Wednesday, September 2, 2009

On Being Theodore Roosevelt for Modern Audiences

In November, the National Association for Interpretation (NAI), the nation’s premier organization networking, training and certifying volunteers and professionals in the oral presentation of information for parks, museums, historic sites and more, has invited me to present at their convention in Hartford, Connecticut. The presentation allows me, really for the first time, to blend in some TR performance with a telling of the story of the 2008 TR Tour, my family’s fifty state journey in honor of Theodore Roosevelt’s 150th birthday.

As we travelled the states, we took in many a talk or tour led by a park ranger or docent, and our adventure was the more pleasant and interesting for their presentations and answers. In a way, my experience with the professional and volunteer interpreters helped shape my own ideas on how I perform as Theodore Roosevelt, how I share information and how I answer questions about TR.

During this, my second year as an NAI member, I continue to find encouragement in the admonition, inherent in the interpretive community, on behalf of accuracy and historical honesty. Just as I used to advise political candidates, if the accurate answer is “I don’t know” then say so…don’t make it up.

In the words of the Boy Scouts, “Be Prepared.” The NAI encourages its members to train, to investigate, to research and to stay on their game. Know the material, and to the degree possible, know the audience and the range of needs and expectations within that audience.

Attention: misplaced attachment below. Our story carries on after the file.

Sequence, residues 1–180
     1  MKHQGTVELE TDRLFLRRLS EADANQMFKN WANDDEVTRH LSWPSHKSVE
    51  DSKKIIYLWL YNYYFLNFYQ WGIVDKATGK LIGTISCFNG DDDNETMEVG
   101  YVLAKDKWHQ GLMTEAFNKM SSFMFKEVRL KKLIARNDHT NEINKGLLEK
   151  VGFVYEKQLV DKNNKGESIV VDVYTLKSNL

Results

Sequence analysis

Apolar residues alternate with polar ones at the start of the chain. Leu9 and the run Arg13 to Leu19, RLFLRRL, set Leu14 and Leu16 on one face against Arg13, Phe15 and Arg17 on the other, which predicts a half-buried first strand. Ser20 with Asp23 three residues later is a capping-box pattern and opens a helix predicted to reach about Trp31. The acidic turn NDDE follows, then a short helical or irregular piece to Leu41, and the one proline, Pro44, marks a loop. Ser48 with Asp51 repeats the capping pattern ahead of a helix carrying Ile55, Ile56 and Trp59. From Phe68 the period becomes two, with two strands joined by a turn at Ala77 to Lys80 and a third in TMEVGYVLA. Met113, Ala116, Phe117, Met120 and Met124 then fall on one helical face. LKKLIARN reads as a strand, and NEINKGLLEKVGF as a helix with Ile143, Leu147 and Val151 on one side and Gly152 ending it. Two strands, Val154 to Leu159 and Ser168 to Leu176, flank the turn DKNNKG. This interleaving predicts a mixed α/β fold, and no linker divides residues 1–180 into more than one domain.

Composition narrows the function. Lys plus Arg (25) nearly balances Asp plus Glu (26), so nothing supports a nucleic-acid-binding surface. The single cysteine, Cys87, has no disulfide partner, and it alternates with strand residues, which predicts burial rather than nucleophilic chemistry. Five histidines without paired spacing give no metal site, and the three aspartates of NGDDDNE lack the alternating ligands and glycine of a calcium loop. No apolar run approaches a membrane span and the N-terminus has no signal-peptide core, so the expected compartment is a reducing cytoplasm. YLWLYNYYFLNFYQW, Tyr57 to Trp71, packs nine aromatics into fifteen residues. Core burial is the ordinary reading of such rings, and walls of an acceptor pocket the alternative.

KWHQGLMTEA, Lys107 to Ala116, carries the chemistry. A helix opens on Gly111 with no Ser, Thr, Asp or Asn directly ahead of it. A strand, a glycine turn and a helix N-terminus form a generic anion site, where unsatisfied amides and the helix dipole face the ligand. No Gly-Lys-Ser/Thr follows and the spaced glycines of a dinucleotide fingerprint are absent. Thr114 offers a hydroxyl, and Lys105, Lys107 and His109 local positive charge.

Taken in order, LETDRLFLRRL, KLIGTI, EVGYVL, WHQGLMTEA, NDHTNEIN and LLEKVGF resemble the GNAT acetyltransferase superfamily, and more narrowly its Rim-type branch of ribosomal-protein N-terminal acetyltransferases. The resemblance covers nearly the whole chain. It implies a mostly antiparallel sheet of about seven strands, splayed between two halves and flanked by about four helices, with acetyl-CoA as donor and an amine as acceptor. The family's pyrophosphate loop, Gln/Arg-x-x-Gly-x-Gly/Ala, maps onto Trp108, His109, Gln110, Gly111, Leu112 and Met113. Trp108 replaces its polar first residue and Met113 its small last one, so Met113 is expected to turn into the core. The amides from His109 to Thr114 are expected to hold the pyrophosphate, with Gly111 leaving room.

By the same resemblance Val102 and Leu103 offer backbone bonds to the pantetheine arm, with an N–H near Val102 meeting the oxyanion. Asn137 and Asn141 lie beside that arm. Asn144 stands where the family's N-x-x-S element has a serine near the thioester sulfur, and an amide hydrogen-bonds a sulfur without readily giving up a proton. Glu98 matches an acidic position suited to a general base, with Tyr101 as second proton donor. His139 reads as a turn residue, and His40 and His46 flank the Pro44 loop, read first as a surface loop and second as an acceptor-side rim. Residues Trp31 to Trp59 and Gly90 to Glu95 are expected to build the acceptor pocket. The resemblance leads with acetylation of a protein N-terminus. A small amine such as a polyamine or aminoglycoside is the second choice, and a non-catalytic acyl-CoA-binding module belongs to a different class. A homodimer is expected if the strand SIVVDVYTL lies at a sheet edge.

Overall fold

In Hartford, I’ll share with NAI attendees some ideas about how to keep the interpretive presentation interesting and vital, and how to expand the mastery of material through the investigation of related topics. For example, the calendar, that is the historic calendar of events related to that site, provides an opportunity to seasonally freshen the presentations. In addition, any site certainly has at least one and more likely has dozens of interesting characters associated with the history of the place or times. Investigating these characters and weaving bits of these lives and experiences into the experience of visitors or audience members is a rich resource for that vital ingredient in oral presentation.

While I travel, I research. My summer travels included the Northwoods of Maine, where TR hiked Katahdin in 1879. I’m glad to say I successfully made the ascent in 2009. Performing for friends along the Indian River in Florida, birthplace of TR’s Pelican Island and the Wildlife Refuge System, I have renewed my own ornithological studies. All the while, Douglas Brinkley’s “The Wilderness Warrior” has been by my side and in my pack.

I look forward to writing more and more frequently about this great adventure that comes as a result of deciding to be the best Theodore Roosevelt I can be. I know that may seem a strange undertaking to some, but I assure you, it has been a very worthwhile and fulfilling thing to get good at it.

When climbing Katahdin, making the top of the Abol Trail, I took in the views from Thoreau Springs, a small and tepid natural spring within view of Baxter Peak. Later, after an ascent up Cathedral Cutoff, I enjoyed a little lunch at the springs on my way down the Hunt Trail.

Thoreau’s old line rang and echoed in my mind: "If a man does not keep pace with his companions, perhaps it is because he hears a different drummer. Let him step to the music which he hears, however measured or far away."----- Henry David Thoreau, Walden, Conclusion, 1854

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